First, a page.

There are multiple sub-disciplines in visual art such as drawing, painting, printmaking, photography, and sculpture. What is drawing's significant importance to all of the other sub-disciplines and to the overall discipline of visual art?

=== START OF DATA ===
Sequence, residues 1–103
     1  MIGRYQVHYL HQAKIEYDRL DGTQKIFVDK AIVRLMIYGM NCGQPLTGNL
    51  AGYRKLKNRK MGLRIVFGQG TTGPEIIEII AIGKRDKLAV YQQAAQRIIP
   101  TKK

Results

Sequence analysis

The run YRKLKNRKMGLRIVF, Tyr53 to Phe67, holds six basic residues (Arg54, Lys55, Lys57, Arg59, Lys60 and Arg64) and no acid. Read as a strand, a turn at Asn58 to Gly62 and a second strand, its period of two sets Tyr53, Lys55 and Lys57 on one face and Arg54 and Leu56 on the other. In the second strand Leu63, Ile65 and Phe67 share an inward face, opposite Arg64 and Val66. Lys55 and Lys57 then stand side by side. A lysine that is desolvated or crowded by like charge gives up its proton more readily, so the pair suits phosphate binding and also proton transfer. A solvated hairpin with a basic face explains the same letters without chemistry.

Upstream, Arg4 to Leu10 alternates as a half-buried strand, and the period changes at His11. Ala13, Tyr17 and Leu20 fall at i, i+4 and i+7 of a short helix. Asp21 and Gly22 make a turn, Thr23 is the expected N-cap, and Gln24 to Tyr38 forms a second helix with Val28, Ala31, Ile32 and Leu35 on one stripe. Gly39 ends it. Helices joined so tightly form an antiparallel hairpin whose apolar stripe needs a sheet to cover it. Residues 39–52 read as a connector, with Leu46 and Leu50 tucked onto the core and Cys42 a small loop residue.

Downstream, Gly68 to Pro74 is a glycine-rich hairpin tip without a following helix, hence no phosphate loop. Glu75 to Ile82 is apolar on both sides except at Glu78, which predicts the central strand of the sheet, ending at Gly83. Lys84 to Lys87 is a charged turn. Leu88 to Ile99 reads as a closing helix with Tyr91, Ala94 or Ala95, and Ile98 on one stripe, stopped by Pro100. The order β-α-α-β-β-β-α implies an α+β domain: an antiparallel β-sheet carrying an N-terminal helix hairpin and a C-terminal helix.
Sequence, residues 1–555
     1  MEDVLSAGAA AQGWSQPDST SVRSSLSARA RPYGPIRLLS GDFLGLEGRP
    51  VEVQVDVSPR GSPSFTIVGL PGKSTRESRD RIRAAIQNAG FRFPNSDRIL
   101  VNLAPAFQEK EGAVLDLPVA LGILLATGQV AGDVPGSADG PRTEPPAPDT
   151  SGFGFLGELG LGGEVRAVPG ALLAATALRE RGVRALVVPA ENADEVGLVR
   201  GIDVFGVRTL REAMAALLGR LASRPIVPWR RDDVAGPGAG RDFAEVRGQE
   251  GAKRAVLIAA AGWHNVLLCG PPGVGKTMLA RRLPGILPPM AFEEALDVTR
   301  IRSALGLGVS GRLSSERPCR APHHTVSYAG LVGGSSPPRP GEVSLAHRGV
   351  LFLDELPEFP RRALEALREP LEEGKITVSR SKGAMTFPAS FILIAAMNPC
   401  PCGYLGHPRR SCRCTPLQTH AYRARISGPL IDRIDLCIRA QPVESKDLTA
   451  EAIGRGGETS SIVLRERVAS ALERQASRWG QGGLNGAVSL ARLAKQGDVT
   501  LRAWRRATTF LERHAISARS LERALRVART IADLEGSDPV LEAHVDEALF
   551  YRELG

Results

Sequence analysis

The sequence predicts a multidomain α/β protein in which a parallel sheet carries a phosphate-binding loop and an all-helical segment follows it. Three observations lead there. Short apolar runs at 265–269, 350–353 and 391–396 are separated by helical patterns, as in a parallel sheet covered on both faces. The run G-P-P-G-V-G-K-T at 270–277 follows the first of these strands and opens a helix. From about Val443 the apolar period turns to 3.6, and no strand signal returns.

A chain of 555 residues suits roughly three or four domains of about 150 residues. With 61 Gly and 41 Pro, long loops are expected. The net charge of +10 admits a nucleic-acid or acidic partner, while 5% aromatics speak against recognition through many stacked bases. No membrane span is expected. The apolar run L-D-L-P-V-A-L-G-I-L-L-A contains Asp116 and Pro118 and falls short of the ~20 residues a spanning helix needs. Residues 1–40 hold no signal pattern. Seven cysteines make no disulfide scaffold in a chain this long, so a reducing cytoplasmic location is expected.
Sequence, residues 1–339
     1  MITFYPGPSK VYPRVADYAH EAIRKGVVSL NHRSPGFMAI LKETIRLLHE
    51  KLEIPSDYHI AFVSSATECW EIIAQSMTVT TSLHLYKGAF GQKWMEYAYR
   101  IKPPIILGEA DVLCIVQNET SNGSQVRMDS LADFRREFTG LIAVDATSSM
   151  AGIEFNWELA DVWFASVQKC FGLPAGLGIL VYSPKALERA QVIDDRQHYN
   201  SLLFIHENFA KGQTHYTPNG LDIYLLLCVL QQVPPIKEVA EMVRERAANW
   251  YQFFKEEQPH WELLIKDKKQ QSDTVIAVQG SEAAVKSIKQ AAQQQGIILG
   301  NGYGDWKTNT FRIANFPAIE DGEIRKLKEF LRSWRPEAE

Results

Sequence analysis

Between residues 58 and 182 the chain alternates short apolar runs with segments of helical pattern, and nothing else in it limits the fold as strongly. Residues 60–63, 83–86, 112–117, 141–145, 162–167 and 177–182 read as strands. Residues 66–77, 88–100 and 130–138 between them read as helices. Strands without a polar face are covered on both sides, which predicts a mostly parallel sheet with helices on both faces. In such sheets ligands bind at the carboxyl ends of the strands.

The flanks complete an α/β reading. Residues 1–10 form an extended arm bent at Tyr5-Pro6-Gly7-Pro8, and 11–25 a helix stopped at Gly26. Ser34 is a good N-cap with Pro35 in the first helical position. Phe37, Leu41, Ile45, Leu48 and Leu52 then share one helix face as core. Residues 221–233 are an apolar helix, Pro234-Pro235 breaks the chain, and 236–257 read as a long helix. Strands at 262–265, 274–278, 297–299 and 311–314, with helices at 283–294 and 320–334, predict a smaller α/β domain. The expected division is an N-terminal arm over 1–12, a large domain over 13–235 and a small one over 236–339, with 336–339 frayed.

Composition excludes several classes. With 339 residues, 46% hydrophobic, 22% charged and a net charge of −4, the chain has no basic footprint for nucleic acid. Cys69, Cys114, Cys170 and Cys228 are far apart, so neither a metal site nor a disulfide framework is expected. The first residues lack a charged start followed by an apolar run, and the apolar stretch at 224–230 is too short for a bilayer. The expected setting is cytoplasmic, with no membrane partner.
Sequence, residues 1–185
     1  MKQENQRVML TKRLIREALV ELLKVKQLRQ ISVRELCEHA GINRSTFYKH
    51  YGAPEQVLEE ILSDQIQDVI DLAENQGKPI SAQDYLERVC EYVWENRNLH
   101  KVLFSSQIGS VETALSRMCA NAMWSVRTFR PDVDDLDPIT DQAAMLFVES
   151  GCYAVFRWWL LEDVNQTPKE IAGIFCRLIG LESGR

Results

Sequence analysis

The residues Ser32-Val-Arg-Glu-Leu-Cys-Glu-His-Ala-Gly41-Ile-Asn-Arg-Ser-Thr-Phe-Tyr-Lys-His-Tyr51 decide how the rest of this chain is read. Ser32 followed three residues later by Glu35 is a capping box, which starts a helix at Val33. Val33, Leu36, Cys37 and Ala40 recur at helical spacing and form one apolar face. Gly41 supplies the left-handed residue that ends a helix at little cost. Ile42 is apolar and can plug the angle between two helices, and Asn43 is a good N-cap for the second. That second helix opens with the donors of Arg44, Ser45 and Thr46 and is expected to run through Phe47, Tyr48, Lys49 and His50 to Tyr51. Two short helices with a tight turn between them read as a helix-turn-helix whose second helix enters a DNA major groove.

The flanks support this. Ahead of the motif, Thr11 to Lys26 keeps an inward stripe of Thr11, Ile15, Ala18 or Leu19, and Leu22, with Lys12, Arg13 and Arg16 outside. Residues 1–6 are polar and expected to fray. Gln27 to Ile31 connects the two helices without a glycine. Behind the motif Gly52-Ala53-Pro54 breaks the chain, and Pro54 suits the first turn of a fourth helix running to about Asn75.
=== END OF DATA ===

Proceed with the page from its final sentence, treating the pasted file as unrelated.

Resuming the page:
By definition, the visual arts are “looking at things carefully” – that is, paying attention to the way physical objects use space and color in “making an impression” on the viewer. All the listed forms use various media (print, pencil, marble, paint, etc.) to replicate or create a physical image, but at the base is the careful observation of details – shadows, shape combinations, perspectives, etc. The first training for the eye, then, is the observation of these subtleties; the second discipline is the training of the hand to replicate these details in the medium. The most efficient (and enduring) form of training is drawing – the two-dimensional re-creation of the object’s existence in three-dimensional space. Only after this training of the mind-eye-hand team can the artist venture into media and color subtleties. Art students spend hundreds of hours drawing, for example, their shoe, just to get control over this triumvirate of body parts. The sculptor then transforms his close observations into three-dimensional form; the painter finds the properties of oils or acrylics that will replicate the subtle shadows and shades of real life, etc. Of course, the visual arts (and all arts) do much more than simply replicate what is – they reach out to the imagination, to associations, etc. The Mona Lisa is much more than a replication of a woman’s head.